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Us Consulate Visit To Chiang Mai Expats Club Reveals New Fees For Us Citizens Services

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US Consulate visit to Chiang Mai Expats Club reveals new fees for US Citizens Services

Michael K. Morrow, U.S. Consul General and Andrew Veprek, Consular Chief of the U.S Consulate here in Chiang Mai attended the Chiang Mai Expats Club meeting at the Shangri La Hotel on Saturday, March 27 to answer questions and let American citizens know some important upcoming changes.

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US Consul General Michael K. Morrow joins Alan Hall of the Chiang Mai Expats Club at the meeting at the Shangri La on March 27.

Mr. Morrow talked to the crowd about the role of the Consulate in Chiang Mai, stressing its primary mission is to serve the growing American community in the North. There are currently around 7,500 American citizens living in the 15 Northern provinces served by the Consulate. Additionally, tourists are also helped when they lose a passport, encounter difficulties or accidents or death.

The Consulate also has 9 Drug Enforcement Agency representatives who work closely with the Office of Narcotics Control Bureau (ONCB) and the National Security Bureau (NSB) in fighting drug trafficking in Thailand. He said from the 70’s and 80’s when Thailand was one of the biggest heroin producers in the world, it now produces “virtually no illicit drugs whatsoever” and he praised the role of the Thai government in fighting drug production. However, Thailand remains a major transit point for drugs coming out of Myanmar and Laos and they continue to maintain vigilance in those areas. In fact, he added that in the first two months of the year more than 6 million yabaa pills were seized in Thailand.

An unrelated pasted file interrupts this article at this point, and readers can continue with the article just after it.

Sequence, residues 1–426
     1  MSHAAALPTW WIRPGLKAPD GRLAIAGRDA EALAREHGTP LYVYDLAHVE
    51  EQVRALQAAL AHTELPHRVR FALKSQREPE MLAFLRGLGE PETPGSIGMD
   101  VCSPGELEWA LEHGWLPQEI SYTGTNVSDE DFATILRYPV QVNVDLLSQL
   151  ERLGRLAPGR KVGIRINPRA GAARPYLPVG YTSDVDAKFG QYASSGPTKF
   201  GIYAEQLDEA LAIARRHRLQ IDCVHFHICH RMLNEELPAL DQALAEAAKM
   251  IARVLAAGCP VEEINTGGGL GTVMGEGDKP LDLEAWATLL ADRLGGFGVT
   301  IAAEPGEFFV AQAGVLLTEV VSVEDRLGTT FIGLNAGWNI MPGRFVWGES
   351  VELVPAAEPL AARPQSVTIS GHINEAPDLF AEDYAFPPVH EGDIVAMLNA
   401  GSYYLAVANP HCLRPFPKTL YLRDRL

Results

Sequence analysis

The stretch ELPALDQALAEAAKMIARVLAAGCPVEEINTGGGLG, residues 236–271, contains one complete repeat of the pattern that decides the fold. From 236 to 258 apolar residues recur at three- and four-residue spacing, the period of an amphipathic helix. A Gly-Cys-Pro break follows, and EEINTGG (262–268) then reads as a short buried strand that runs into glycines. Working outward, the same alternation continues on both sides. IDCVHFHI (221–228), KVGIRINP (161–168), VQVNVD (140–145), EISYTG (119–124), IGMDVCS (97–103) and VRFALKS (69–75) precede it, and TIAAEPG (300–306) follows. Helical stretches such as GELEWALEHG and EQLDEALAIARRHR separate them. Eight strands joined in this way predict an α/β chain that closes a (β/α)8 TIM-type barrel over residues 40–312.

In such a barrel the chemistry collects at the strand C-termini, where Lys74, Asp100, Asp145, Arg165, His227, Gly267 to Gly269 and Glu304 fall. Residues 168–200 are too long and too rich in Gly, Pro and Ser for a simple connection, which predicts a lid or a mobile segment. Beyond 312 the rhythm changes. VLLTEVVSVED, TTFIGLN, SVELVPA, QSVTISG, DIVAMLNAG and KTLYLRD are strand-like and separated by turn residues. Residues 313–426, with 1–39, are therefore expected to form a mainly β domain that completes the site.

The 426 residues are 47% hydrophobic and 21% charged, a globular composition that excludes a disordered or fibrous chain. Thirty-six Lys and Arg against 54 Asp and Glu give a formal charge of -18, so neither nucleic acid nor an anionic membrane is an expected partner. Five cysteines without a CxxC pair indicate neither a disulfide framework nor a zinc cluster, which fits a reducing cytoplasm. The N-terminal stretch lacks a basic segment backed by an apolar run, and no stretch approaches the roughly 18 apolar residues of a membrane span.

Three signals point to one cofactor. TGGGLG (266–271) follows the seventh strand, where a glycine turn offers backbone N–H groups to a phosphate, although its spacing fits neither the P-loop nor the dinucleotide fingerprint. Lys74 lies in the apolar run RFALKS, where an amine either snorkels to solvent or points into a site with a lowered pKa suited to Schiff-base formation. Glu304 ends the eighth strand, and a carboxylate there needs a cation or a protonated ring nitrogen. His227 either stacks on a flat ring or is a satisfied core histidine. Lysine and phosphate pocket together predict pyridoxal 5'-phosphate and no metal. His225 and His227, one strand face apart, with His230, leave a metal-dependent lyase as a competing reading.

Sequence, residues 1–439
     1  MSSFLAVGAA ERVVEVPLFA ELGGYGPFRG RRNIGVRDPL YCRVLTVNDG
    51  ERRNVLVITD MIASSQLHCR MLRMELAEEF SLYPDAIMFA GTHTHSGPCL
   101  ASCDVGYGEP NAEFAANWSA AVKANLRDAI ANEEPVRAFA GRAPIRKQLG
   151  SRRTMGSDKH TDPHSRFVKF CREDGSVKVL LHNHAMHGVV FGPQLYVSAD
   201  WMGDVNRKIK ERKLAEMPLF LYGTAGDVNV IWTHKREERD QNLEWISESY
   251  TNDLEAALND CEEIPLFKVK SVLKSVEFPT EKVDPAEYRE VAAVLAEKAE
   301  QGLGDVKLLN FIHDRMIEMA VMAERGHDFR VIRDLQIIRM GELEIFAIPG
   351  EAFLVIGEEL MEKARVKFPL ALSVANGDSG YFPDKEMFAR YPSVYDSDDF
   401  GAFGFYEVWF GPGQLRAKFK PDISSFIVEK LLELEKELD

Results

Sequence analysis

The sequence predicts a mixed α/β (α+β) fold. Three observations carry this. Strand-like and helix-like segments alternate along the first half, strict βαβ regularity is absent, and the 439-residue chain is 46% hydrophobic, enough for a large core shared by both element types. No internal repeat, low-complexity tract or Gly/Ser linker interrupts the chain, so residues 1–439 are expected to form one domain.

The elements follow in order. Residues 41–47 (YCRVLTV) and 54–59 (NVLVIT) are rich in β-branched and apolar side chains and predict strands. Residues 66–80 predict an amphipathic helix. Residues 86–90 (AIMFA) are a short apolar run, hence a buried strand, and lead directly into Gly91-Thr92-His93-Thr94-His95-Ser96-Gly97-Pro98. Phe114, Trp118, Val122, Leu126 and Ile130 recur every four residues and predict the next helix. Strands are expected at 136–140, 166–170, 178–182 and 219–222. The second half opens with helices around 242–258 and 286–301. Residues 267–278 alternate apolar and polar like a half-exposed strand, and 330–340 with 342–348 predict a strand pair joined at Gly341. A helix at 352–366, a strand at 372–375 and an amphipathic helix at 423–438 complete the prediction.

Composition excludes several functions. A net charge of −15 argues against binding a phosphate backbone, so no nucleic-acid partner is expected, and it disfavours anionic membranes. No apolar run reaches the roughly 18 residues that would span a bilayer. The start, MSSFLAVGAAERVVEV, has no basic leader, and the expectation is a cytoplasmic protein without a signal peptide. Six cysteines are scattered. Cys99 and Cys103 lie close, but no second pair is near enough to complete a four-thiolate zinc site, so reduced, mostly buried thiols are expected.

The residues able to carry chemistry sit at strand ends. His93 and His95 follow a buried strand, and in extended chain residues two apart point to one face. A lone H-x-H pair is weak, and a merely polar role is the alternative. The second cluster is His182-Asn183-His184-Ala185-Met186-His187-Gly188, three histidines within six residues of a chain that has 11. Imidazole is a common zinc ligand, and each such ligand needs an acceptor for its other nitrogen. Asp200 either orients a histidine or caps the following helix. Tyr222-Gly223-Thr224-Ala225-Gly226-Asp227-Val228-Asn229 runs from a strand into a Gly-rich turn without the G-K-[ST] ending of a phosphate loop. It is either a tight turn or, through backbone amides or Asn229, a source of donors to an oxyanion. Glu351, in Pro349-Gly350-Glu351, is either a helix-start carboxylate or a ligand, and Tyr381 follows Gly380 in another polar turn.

Additionally, the U.S. Consulate works to support Burmese human rights activists adding that the U.S. is a major destination country for the resettlement with around 10,000 Burmese and Hill tribes being resettled in the United States in the past decade.

One of Mr. Morrow’s prime goals is to increase American investment in the I.T. economy in the North, noting that the government has realized it needs to diversify the economy in the North. The recent Creative Economy Conference was a huge success and IBM has recently opened an office in Chiang Mai.

Environmental concerns, deforestation and water issues remain a concern but additionally, public diplomacy is a key issue for the Consulate. Exchanging views, with educational and cultural exchanges taking place.

Finally, he announced the Fourth of July party will be organized by the V.F.W branch here in Chiang Mai and will be held Sunday the 4th at the Municipal Stadium.

U.S. Consular Chief Andrew Veprek made some very important announcements regarding American citizen’s services fees. Within a month, fees for notarial services are expected to rise to $50 and an $82 fee for additional passport pages will be instituted. Additionally pages are currently free. He encouraged everyone to get this done if needed. Stressing that an appointment must be made online to have pages added. You can visit the Chiang Mai Consulate website and click on American Services at http:// chiangmai.usconsulate.gov.